Edwards switched from alto to tenor when he landed in Los Angeles in 1945. “Howard McGhee decided to stay after he finished an engagement with Coleman Hawkins at Billy Berg’s,” Edwards told Patricia Willard in an interview for the Oral History Project of the Institute of Jazz Studies. “He was searching around, trying to find a tenor saxophone player that he liked, and he couldn’t find anybody. So he asked me to switch and hook up with him, and I thought it was a good idea. I was able to transfer my knowledge of how to get through the chords. I always had my own sound on both instruments.”
Edwards’ solo on “Up In Dodo’s Room,” a 1946 Spotlite recording, was significant in the evolution of swing-to-bop tenor vocabulary. “I didn’t realize that the solo had any significance until I met Fats Navarro in 1948,” he told Willard. “‘Look,’ he said, ‘do you realize that you changed the course of history? That solo was the first solo by any tenor saxophone player that didn’t come from the Lester Young or the Coleman Hawkins school.’ If I remember correctly, the solo had all the half-steps; it had the major-seventh, which was just beginning to get popular; and it had the flat nine. I played all the hip stuff that they call hip today in 1945.”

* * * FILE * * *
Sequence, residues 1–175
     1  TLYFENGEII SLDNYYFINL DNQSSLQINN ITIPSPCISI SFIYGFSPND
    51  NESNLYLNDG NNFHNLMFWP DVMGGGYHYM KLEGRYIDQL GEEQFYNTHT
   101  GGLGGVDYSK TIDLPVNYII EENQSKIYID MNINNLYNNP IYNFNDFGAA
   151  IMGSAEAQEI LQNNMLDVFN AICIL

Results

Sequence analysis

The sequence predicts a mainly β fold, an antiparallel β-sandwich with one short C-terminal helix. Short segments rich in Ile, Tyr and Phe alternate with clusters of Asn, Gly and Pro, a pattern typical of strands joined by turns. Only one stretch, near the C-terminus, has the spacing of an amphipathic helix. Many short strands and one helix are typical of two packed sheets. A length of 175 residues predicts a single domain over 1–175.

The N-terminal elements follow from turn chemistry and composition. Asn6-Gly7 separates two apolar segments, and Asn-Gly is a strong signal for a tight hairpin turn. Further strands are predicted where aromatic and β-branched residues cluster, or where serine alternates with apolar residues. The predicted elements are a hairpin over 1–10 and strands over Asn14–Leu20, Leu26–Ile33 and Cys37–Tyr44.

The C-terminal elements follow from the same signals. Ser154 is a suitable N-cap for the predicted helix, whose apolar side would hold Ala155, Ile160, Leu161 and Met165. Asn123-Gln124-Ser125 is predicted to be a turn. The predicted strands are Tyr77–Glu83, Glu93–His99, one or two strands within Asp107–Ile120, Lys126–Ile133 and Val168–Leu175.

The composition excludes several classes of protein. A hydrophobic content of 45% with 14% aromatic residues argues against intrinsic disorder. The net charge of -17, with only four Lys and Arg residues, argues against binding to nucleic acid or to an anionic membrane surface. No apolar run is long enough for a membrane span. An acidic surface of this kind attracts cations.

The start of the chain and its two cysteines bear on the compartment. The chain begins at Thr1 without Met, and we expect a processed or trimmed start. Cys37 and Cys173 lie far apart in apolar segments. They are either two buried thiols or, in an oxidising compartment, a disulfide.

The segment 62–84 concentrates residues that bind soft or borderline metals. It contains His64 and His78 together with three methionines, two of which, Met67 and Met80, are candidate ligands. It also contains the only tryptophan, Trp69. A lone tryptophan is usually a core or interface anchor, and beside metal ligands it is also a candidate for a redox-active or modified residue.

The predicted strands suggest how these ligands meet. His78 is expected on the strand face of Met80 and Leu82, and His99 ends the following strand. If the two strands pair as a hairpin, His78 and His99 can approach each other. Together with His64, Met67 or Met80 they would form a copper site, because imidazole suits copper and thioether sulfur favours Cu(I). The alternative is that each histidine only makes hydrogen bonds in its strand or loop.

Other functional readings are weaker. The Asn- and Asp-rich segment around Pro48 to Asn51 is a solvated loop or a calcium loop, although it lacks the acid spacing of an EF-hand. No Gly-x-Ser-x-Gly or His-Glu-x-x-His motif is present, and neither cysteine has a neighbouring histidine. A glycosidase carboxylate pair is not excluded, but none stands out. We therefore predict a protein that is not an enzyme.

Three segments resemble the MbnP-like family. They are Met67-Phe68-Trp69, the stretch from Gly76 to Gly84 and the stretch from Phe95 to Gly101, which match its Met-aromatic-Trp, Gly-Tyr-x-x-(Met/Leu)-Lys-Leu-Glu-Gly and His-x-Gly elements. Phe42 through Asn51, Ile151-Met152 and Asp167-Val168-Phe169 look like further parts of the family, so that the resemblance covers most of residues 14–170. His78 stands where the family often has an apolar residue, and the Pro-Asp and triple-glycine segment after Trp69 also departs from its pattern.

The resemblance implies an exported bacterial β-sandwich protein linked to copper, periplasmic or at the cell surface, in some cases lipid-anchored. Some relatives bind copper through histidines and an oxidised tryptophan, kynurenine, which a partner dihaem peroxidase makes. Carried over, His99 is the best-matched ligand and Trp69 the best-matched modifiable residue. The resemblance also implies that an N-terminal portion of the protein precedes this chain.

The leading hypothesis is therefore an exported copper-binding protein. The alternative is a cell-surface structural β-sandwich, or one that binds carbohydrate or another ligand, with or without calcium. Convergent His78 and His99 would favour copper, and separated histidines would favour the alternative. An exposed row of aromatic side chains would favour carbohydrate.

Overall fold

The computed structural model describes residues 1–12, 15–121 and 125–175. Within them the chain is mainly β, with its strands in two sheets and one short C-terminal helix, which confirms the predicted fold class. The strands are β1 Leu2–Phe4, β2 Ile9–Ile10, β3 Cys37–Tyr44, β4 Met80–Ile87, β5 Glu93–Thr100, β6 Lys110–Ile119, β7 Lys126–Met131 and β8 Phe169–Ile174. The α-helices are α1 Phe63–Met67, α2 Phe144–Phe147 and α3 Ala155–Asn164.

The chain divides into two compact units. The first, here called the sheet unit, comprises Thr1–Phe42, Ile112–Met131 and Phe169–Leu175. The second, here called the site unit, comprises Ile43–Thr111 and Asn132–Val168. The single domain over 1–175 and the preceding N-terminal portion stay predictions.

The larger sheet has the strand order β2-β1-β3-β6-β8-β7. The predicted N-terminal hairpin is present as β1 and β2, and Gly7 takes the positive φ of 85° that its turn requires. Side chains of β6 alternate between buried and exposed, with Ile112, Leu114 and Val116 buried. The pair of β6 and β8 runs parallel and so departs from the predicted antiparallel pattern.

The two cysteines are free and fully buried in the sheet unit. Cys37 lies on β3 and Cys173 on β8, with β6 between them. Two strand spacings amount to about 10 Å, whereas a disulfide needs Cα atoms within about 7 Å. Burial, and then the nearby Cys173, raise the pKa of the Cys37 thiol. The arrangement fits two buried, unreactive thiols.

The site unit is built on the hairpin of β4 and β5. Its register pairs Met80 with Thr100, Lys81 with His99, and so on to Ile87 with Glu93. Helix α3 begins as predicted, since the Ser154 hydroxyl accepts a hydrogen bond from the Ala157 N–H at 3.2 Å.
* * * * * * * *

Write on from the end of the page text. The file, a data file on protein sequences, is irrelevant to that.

Back at the hotel, he continues: “The main thing I learned from Bebop in terms of harmony was the use of the flat-five, which Howard McGhee pulled my coat to. You can’t be a bebop player if you don’t know how to alternate it. It was a natural evolution, just going with the flow. I moved into it as the music progressed, and fortunately I was in these different scenes as it was happening. Naturally, environment plays a part, and the songs open your eyes to different things. Charlie Parker, like Dizzy said, showed us how to really phrase that music. But I had this knowledge that I carried with me all the time, and everything else became easy, especially once I got my hands to where I could play fast.”
At the time Edwards switched, Chu Berry, Illinois Jacquet and Lester Young had put their stamp on “Ghost Of A Chance,” a popular vehicle ever since for tenor players of the romantic persuasion, as Edwards and Person are. It’s primarily a feature for Edwards, who vocalizes his horn to the max, a sour-sweet, been there-done that, never-jaded tone, extracting every bit of emotion from the lovely theme.
Person puts his trademark plush tone and intense melodicism on “Little Girl Blue,” his feature. “It’s a saxophonist’s song,” says the 64-year-old South Carolina native. “I’m a big Hank Mobley nut, and he did one of my favorite versions of it, so this was done with him in mind — I just played it like I play it.”
Which is the spirit they bring to “Blue and Sentimental,” a song rife with tenoristic implication since Herschel Evans recorded it as a tenor feature in 1938 with the Basie band. “I never heard Herschel play in person,” Edwards states, “but the records I remember very well. This was one of my favorites. Herschel was in the Coleman Hawkins school, and he had a beautiful touch.”